Sources of Strength: What Are Our True Strengths?

The Sources of Strength mission statement is

The Sources of Strength mission statement is “to provide the highest quality evidence-based prevention for suicide, violence, bullying and substance abuse by training, supporting, and empowering both peer leaders and caring adults to impact their world through the power of connection, hope, help and strength.”

Téa Santos, Junior Reporter

Kicking off the 2017 school year, a new club found its way into the building: Sources of Strength. Though the program had been introduced to other districts, Manitou Springs High School hopped on board delayed. While its mission promises to aid in suicide prevention and anti-bullying campaigns, one question is posed: is Sources of Strength a success?

Much like anything else, S.O.S. comes with a handful of its own pros and cons. When it comes to support, former and current members alike feel that the club is more than helpful in that aspect. However, when it comes to understanding the true struggles of mental ailment and trauma, the club is a little more rough around the edges. As an active advocate of suicide prevention, Hazel Mannery (12) does not feel that they are doing a great job prevention-wise. “They are mostly focused on connectedness rather than other contributing factors,” Mannery said.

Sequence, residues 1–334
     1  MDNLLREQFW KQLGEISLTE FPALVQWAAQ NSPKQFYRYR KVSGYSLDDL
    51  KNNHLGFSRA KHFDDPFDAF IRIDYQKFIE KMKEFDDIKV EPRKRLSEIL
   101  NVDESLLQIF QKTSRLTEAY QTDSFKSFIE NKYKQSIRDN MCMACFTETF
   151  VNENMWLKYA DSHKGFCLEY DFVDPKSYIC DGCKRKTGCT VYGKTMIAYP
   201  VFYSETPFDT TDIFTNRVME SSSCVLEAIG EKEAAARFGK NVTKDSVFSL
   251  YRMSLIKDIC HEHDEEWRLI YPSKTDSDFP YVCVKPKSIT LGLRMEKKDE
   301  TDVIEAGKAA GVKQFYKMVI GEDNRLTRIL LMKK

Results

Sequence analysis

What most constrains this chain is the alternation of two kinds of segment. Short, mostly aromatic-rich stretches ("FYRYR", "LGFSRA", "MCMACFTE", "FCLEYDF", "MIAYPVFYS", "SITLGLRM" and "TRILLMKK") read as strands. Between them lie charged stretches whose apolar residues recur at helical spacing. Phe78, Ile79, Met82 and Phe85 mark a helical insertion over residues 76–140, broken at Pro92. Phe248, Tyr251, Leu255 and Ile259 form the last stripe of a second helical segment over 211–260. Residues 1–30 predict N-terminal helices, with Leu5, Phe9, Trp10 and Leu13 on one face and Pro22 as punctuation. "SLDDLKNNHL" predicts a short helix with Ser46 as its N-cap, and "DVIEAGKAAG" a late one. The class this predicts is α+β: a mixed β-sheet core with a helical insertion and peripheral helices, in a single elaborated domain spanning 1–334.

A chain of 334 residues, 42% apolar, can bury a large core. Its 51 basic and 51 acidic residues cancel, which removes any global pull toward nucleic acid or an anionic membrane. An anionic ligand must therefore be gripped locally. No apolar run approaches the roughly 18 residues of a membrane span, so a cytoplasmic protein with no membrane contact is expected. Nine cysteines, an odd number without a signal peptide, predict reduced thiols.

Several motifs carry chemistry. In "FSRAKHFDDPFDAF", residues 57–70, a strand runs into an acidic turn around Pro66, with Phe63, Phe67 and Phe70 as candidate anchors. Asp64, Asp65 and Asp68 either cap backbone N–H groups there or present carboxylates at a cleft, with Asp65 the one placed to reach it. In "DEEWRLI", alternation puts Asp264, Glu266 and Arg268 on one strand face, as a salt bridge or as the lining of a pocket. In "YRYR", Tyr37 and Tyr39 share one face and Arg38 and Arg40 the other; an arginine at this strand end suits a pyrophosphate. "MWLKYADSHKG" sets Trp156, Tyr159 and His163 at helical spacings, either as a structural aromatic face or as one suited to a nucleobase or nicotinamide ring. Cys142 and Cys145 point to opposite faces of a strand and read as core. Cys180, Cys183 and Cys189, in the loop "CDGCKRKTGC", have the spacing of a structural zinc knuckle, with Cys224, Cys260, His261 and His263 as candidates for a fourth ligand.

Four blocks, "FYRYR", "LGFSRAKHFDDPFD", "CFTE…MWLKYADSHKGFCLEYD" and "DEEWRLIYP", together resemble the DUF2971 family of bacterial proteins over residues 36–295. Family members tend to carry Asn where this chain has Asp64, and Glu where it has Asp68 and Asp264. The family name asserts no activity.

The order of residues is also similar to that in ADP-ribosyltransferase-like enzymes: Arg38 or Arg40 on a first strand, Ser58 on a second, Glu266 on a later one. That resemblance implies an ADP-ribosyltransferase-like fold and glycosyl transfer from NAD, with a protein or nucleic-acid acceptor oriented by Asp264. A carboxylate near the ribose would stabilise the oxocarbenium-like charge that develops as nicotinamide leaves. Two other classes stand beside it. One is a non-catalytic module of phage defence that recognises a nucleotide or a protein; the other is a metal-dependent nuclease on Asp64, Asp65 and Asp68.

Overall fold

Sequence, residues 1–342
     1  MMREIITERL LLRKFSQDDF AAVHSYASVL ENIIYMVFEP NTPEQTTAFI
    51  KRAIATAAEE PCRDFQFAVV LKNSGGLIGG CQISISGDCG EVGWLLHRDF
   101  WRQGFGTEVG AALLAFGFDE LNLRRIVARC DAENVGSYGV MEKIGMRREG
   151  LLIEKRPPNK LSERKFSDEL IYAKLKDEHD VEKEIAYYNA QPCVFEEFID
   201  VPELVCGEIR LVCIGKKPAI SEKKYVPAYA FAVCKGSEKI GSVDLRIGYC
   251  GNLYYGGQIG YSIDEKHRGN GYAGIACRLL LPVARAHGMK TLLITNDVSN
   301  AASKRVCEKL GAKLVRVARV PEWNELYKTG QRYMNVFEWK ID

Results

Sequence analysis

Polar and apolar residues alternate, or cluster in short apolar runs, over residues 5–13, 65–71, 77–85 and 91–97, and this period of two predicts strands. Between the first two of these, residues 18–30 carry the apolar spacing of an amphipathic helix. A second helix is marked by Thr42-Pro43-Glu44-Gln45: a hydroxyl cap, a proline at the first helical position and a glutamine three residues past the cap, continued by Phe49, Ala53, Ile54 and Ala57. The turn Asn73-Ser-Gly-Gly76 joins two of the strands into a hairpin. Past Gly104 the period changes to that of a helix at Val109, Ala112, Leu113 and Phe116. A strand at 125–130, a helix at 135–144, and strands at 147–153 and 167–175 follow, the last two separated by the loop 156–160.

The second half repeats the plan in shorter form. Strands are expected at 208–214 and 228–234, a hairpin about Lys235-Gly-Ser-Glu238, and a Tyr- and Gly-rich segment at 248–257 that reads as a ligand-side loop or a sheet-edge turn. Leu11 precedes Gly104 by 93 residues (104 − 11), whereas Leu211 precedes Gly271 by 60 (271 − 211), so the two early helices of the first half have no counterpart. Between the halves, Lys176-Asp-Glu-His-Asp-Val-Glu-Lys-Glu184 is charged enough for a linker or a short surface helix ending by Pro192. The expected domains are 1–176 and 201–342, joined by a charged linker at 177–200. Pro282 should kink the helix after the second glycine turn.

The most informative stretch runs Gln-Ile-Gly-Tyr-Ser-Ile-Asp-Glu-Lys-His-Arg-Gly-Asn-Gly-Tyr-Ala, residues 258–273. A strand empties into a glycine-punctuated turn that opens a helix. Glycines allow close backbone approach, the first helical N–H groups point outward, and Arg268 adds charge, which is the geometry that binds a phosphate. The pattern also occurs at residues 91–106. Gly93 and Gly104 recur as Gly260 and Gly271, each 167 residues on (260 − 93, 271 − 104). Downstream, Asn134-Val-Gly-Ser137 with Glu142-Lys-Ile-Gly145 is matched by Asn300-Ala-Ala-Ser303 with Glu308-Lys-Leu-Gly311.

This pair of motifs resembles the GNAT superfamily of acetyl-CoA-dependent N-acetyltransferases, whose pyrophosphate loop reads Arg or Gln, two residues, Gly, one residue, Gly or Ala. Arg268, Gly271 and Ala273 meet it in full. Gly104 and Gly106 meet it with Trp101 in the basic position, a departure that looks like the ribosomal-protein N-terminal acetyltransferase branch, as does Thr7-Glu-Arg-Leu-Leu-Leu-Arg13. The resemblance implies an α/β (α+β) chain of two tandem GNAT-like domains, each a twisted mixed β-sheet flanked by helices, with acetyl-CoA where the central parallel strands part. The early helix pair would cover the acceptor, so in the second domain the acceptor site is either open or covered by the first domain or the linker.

From district to district, Sources of Strength has found itself varying in meeting frequency and prosperity in its outcome. Turning to Manitou, students are filled with mixed emotions and reactions to the club’s presence. While some have labeled it a ‘joke’, others feel that they are only just blossoming. “Sources of Strength is absolutely a work in progress. It will take time to correct errors and address newer issues,” Matt Buchenhain (11) said as a past member of the group.

Reaching to other schools, the program has made varying levels of impact. Cailey Brown (12) from Rampart describes the existence of it within the district. Meetings are seemingly inconsistent, being held around twice a month. Describing a pro, Brown states that “you know that teachers and staff are actively trying to support you.” On the other hand, within her school, she feels that cons consist of those in S.O.S. being “pretty mean and kinda bad people.” Overall, she feels that the program “doesn’t understand what mental illness really is. They treat it almost like something that can be cured, not something I have to live with for the rest of my life,” Brown said.

So, is Sources of Strength a success? Perhaps not now but, like any new club, it’s work in progress. When it comes to further development Mannery believes that “they need to understand that the students who are struggling aren’t those who are being reached by their program.” Alongside that, Buchenhain expresses that “the biggest struggle is actually talking to teens who experience these pains, traumas and other events.” He advises that “talking to the rest of the student body could make a huge impact on the aspect of the group.” With time and patience, the program could come to be a major factor of success and achievement within our student body.